2005 Salt Lake City Annual Meeting (October 16–19, 2005)

Paper No. 11
Presentation Time: 4:00 PM


VAUGHAN, R. Greg, Jet Propulsion Laboratory, Pasadena, CA 91109, HOOK, Simon J., Jet Propulsion Lab, Mail stop 183-501, Pasadena, CA 91109, RAMSEY, Michael S., Department of Geology and Planetary Science, University of Pittsburgh, Pittsburgh, PA 15260, REALMUTO, Vincent J., Jet Propulsion Lab, Mail Stop 168-514, 4800 Oak Grove Drive, Pasadena, CA 91109-8001 and SCHNEIDER, David J., Alaska Volcano Observatory, U.S. Geological Survey, Anchorage, AK 99508, greg.vaughan@jpl.nasa.gov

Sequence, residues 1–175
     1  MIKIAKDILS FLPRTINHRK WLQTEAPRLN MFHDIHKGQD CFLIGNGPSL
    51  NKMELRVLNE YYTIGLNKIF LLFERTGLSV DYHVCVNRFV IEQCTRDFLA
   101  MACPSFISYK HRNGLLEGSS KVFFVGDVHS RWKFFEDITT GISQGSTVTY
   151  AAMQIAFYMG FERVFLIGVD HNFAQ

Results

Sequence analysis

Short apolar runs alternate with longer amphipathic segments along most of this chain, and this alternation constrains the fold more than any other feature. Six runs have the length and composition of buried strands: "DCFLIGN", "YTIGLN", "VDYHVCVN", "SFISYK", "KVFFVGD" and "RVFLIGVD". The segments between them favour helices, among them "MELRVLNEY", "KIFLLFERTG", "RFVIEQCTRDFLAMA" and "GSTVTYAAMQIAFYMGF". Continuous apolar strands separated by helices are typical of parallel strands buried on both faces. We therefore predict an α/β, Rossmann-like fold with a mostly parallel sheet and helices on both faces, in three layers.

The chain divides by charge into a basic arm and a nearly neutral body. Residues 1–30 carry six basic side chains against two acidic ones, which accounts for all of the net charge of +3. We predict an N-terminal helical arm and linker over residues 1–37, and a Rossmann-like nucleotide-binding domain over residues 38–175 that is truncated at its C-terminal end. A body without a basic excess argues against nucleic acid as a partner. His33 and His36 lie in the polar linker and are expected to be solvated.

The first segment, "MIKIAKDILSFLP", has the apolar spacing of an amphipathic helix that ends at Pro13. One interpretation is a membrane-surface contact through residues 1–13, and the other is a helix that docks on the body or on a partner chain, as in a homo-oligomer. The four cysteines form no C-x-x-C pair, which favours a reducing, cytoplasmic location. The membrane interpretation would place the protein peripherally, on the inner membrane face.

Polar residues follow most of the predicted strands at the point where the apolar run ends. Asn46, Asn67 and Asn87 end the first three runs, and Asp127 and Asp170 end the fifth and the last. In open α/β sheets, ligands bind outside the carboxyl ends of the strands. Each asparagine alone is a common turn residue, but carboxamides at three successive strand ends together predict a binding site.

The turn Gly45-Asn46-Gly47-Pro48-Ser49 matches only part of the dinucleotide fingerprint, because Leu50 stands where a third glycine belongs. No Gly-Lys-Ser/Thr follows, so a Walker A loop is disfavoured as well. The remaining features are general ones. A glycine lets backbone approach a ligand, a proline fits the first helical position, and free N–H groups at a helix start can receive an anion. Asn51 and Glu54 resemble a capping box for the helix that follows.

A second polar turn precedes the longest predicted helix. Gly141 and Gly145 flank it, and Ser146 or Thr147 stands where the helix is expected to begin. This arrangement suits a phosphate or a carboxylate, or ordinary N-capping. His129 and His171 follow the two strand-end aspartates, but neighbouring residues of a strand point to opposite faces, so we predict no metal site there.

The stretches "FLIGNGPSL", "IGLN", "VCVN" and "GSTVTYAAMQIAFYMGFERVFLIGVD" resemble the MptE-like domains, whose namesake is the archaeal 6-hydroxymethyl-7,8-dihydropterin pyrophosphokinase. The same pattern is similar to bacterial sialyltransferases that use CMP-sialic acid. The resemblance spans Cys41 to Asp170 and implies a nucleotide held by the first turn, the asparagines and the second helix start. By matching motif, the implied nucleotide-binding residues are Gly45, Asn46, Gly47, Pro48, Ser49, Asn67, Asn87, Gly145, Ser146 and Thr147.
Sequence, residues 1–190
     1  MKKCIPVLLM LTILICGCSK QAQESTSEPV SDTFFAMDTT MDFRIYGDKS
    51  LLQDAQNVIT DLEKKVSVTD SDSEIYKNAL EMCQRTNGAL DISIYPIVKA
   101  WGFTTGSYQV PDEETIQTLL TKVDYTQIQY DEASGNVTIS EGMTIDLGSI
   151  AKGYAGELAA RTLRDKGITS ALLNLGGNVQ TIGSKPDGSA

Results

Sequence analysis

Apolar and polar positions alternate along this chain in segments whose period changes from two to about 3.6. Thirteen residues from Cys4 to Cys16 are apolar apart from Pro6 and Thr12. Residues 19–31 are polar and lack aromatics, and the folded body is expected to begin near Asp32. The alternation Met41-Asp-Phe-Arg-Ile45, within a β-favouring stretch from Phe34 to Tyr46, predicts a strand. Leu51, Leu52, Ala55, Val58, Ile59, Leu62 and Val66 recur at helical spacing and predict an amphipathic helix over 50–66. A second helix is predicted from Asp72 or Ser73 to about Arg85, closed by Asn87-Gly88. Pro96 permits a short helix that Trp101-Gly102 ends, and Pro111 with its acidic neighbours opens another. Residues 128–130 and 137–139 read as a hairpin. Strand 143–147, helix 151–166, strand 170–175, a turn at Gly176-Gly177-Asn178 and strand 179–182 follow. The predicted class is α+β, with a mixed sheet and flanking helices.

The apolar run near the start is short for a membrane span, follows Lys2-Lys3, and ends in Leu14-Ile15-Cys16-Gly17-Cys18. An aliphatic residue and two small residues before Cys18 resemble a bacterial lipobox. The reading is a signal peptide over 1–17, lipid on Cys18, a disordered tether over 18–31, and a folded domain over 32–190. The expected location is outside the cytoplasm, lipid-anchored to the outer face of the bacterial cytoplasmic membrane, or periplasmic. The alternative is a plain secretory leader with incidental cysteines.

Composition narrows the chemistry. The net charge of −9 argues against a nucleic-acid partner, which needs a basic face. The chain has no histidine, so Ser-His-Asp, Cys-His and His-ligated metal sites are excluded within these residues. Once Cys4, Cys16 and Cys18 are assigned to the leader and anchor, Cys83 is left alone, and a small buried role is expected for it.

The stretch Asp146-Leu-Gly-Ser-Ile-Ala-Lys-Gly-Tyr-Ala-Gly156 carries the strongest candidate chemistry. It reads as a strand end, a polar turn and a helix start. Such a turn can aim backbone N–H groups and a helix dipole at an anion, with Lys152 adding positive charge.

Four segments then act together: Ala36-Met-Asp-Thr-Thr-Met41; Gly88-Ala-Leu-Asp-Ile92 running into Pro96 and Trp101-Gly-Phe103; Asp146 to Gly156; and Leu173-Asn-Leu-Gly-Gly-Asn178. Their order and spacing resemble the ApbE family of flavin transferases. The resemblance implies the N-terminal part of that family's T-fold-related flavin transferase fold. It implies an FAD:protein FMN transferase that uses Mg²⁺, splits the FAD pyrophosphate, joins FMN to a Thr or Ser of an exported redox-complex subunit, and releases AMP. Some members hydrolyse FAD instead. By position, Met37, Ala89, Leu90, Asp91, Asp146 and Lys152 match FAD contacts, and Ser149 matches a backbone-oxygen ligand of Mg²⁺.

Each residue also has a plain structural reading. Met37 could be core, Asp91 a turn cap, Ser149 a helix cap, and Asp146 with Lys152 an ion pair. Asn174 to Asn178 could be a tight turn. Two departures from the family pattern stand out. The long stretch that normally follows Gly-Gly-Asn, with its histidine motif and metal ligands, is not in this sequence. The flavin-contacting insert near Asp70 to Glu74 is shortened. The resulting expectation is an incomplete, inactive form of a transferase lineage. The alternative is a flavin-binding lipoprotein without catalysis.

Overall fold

Thermal infrared (TIR) data from the MASTER airborne imaging spectrometer were acquired over Mount St. Helens in Sept and Oct, 2004, before and after the onset of recent eruptive activity. Pre-eruption data show no measurable increase in surface temperatures before the first eruption on Oct 1. MASTER data acquired during the eruptive episode on Oct 14 show maximum temperatures of ~330 C and TIR data acquired concurrently from a Forward Looking Infrared (FLIR) camera show maximum temperatures ~675 C, in narrow (~1-m) fractures of molten rock on a new resurgent dome. MASTER and FLIR thermal flux calculations indicate a radiative cooling rate of ~694 J/m2/s over the new dome, corresponding to a radiant power of ~23-25 MW. MASTER spectral emissivity data indicate the new material is dacitic, and the plume contains low SO2 concentrations. Digital elevation data derived from LIDAR acquired concurrently with MASTER show the dome growth correlated with the areas of elevated temperatures. The results demonstrate that airborne TIR data provide information on the temperature and composition of both the surface and plume during eruptive episodes. Given sufficient resources, the airborne instrumentation could be deployed rapidly to a newly-awakening volcano and provide a means for remote volcano monitoring.